When preparing for the birth of my second baby, in the back of my mind, I expected everything to go the same way it went with my first. Of course, in reality, I knew that this wasn’t how things actually happen and every birth is completely unique. Regardless, the only way I could imagine childbirth was the exact way it had happened with my first.
The birth of my first baby wasn’t what many would call traumatic, but it certainly wasn’t an easy breezy experience. Long story short, my water broke three days past my due date. Nothing else happened, so I went to the hospital, where I was given misoprostol to help things progress. Then I was given Pitocin, eventually an epidural, and then made it to 10 centimeters. I pushed for nearly three hours, and despite the epidural, was in a lot of pain. Once the baby was safely out and the epidural wore off, I was in a shocking amount of pain, which lasted to some degree for several weeks.
I feared childbirth after that experience. Though I had a healthy baby and was technically healthy myself, my body was a wreck, and I struggled to care for a newborn while also trying to care for myself.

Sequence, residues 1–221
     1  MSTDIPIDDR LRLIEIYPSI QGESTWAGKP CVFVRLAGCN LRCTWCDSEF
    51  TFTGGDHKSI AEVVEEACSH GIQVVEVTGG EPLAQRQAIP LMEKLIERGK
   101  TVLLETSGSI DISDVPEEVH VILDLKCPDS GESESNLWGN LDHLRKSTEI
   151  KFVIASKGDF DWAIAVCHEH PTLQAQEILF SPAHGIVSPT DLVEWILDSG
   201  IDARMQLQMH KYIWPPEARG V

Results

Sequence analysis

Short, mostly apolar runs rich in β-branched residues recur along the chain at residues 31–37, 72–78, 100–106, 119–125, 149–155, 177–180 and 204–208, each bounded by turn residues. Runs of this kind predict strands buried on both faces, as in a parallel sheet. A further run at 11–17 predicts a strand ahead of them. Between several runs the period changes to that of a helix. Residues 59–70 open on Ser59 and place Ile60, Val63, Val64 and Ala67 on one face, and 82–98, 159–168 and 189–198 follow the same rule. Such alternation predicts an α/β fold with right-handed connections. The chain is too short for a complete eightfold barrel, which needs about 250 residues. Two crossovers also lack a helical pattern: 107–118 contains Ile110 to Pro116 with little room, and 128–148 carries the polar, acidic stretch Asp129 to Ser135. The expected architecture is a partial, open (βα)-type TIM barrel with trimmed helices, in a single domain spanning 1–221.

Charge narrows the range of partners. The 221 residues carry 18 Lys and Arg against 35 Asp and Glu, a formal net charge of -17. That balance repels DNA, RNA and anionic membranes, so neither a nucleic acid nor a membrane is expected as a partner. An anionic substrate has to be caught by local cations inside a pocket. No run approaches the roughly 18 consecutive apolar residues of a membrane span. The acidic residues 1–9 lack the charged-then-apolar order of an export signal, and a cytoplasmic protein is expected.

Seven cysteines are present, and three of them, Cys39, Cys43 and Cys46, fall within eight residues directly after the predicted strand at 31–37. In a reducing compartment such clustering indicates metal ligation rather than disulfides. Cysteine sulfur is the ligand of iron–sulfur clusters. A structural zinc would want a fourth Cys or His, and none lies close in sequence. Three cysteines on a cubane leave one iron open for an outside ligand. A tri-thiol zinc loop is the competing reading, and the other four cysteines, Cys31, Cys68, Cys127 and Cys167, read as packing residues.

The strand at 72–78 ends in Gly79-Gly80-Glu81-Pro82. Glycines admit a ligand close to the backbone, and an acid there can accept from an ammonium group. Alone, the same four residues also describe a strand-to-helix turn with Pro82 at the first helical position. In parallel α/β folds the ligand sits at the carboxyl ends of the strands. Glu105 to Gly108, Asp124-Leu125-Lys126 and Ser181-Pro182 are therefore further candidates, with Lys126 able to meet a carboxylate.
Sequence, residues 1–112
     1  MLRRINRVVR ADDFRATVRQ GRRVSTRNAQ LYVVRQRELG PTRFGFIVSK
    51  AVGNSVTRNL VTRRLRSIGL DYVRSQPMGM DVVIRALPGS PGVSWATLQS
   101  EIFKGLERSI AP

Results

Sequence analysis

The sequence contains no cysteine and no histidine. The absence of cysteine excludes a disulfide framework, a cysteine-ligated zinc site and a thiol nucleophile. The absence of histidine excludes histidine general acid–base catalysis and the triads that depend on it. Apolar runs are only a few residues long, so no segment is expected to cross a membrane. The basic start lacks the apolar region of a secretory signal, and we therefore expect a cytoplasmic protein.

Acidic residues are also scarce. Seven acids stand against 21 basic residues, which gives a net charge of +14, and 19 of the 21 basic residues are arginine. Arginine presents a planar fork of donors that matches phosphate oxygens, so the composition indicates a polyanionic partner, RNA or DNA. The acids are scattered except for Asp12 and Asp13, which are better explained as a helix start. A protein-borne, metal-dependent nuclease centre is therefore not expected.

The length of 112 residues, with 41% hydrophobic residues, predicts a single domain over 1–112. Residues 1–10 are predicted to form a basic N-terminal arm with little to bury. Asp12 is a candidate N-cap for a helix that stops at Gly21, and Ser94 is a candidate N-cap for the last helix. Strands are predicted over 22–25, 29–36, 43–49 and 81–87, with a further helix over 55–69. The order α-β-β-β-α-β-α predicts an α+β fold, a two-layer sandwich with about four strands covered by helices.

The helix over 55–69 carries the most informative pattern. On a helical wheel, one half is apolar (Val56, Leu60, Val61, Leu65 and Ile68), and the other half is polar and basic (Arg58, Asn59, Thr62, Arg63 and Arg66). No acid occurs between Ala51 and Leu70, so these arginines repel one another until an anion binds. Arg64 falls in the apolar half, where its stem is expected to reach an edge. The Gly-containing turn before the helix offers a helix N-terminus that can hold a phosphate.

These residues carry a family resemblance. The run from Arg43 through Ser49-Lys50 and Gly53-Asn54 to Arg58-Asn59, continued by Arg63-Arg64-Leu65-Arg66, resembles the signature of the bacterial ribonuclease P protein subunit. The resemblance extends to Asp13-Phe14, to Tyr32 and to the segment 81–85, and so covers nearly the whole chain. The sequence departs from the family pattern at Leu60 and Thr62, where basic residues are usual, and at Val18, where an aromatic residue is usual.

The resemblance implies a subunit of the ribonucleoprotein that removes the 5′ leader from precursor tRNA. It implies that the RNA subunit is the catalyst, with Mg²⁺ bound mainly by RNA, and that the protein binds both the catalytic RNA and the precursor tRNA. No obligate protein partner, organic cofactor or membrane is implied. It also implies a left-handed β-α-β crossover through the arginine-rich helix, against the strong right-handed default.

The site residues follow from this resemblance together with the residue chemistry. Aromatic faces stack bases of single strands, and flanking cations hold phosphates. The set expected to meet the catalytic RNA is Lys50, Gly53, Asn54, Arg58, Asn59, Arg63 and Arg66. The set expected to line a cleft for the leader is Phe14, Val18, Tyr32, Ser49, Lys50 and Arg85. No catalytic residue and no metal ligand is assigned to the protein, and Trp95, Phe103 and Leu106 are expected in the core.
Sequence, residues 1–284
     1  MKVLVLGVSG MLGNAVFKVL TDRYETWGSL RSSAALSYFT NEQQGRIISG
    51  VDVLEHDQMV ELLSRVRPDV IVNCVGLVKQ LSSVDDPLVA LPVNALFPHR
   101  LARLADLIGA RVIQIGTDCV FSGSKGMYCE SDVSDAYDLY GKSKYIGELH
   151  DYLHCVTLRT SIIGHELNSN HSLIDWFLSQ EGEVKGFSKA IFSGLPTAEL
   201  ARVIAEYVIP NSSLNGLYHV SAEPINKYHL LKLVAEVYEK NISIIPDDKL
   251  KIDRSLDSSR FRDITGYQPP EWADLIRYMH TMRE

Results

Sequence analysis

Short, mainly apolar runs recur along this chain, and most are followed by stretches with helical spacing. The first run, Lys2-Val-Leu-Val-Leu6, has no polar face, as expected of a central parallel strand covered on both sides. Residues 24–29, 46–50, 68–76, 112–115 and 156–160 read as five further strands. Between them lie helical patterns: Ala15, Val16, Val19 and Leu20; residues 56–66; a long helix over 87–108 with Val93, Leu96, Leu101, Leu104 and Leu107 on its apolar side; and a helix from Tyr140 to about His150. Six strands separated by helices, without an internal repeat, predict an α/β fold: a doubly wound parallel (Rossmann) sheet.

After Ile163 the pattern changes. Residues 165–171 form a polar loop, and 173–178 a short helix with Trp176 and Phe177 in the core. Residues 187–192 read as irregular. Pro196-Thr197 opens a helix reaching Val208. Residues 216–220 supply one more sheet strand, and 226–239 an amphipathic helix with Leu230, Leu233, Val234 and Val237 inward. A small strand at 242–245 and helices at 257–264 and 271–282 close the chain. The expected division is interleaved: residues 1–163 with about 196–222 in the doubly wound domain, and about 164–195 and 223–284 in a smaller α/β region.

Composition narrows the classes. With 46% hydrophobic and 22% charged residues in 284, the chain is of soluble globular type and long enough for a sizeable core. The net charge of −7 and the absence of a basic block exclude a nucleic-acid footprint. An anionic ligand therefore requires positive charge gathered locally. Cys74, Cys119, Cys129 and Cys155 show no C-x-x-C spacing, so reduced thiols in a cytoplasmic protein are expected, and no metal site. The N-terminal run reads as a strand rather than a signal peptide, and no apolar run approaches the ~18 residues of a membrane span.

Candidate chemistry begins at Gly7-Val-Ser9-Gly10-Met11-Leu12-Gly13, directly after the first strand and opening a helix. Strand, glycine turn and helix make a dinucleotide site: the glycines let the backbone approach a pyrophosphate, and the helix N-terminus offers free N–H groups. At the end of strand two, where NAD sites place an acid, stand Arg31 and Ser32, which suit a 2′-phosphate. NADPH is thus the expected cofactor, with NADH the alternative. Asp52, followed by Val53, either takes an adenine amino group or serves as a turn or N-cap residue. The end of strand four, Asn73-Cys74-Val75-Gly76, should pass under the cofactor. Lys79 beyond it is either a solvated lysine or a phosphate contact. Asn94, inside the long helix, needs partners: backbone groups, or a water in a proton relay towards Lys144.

Though I had a healthy baby and was technically healthy myself, my body was a wreck, and I struggled to care for a newborn while also trying to care for myself.
Even though the delivery and recovery were much harder than I expected, I knew I’d want a second baby. I hoped that what mothers said about forgetting the pain of childbirth would be true for me.
Expecting a second baby
I found myself happily pregnant a little over a year after having my first baby. I tried not to think too much about the childbirth part of the equation. I had been through it once and knew I could do it again, but that didn’t mean I wasn’t scared.
When picturing the birth of my second baby, I assumed it would be similar. I’d have to push for three hours, I’d be in a lot of pain, and I’d struggle to walk or sit for the next month. When thinking about it, I was terrified. In those early days and weeks with my first baby, I had a lot of guilt because it was hard to care for my baby while recovering. How would I ever care for a newborn and a toddler while recovering?